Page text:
Before the team's road trip to Chicago for their preseason opener, the Broncos got in its 13th day of training camp practices.
The World Champion Denver Broncos will kick off the 2016 National Football League season in Chicago on Thursday night.
The start of every new season is always exciting, but most people think of the start as the first regular season game. Hence, the game at Chicago, and every other team's first game, is often referred to, inaccurately, as a "meaningless preseason game." But it never is.
It certainly is not meaningless to the young players seeking roster spots, the veterans on the bubble hoping to stay ahead of the young guys or to the coaches and personnel people making decisions that will help build a team. The team that won Super Bowl 50 was not forged the week preceding the game, but one year ago, at practices just like those this week and in games just like the one at Chicago.
History is laden with significant moments from first games just like the one in Chicago, and here are just a few examples from the Broncos' past.
Going back to the final camp scrimmage of the first year (even less meaningful than the first preseason game, theoretically) at the Colorado School of Mines in Golden in 1960, head coach Frank Filchock bemoaned his lack of talent at quarterback and asked quarterback coach Frank Tripucka to put on the pads and "give the fans a show."
Tripucka did and stayed in at quarterback for the year. He and Colts quarterback Johnny Unitas became the first passers in history to throw for 3,000 yards in a single season, and Tripucka is now in the Broncos' Ring of Fame.
In 1967 the Broncos became the first American Football League team ever to defeat an NFL team, beating Detroit in the first home game of Lou Saban's tenure as head coach. This might have been the only preseason game in history in which the head coach literally was carried off the field on the shoulders of fans. I was there, and you had to be there to experience the excitement.
In 1970, the Broncos kicked off preseason at Mile High Stadium for the first time ever, a 26-16 win over the St. Louis Cardinals. It was the first game ever for the Broncos officially as members of the NFL, and fans in attendance could not have predicted the fantastic NFL success that lay before the former doormats of the AFL.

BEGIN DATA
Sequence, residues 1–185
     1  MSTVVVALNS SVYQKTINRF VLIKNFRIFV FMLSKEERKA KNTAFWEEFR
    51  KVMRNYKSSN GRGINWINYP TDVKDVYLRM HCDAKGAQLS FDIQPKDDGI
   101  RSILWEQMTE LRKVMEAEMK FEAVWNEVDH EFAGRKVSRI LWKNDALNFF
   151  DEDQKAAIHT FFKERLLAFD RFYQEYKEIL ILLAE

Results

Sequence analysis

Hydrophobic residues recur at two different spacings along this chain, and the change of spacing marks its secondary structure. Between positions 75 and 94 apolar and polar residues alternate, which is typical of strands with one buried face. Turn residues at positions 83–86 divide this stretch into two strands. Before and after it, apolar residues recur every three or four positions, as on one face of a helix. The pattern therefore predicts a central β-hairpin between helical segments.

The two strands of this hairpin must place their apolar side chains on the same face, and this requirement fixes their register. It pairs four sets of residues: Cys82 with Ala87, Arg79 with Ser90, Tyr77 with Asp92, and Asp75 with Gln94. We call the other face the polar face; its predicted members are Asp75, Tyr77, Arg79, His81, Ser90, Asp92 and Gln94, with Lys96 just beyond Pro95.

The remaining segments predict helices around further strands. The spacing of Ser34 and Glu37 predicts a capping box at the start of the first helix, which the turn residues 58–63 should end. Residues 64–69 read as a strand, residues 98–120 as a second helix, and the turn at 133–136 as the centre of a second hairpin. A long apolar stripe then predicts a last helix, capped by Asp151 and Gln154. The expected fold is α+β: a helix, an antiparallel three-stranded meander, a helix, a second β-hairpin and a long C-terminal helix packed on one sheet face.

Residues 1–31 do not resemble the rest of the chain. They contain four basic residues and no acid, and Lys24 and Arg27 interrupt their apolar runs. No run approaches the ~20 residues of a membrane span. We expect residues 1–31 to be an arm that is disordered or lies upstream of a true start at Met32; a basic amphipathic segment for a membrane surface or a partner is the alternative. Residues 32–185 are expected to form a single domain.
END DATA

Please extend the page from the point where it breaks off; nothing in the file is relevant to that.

In both 1972 and 1973 the Broncos kicked off preseason in old RFK Stadium in Washington, D.C.. That stadium was not much, but consider that in Broncos' history, the first game had previously been played in Providence (Rhode Island), Midland (Texas), Atlanta (but against Houston, not the Falcons), Hilltop Stadium at the University of Denver, and Akron (Ohio), in a 1967 game officially dubbed the Rubber Bowl which Denver lost to Miami, 19-2 before 7,000 curious fans.
In 1977, fans got their first look at Craig Morton as Denver's quarterback, unaware that the preseason opening win over Baltimore was a sneak preview of the magical 1977 Super Bowl season.
In 1983, the first preseason game was the debut of John Elway at quarterback. He played the entire second half in a 10-7 win over Seattle. I can still remember the buzz of anticipation in the Mile High Stadium crowd and press box beforehand, and the ovation, sprinkled with "oohs" and "ahs" as John trotted onto the home turf for the first time.
It was a "wow" moment, and it came in the first preseason game.
While John Elway was a past, present and forever superstar, you never know who will catch your eye, and more significantly, the eyes of Elway and head coach Gary Kubiak in Chicago.
In 2012, the preseason opener, also at Chicago's Soldier Field, was heavily anticipated as the debut of Peyton Manning in a Broncos uniform — all know how that piece of history worked out.
The Broncos have thus played preseason openers at sites from Providence to Sydney, and with players as notable as John Elway and Peyton Manning, and as nondescript as many of the roughly two thousand men who donned Bronco colors for at least one preseason game, only to be cut from the roster soon thereafter.
The nobility of playing is there for every player.
However, NFL success is measured not by the cuts, but by those who go from the status of "Who is that guy?" to "I want to buy his jersey."
And that process begins this week in Chicago.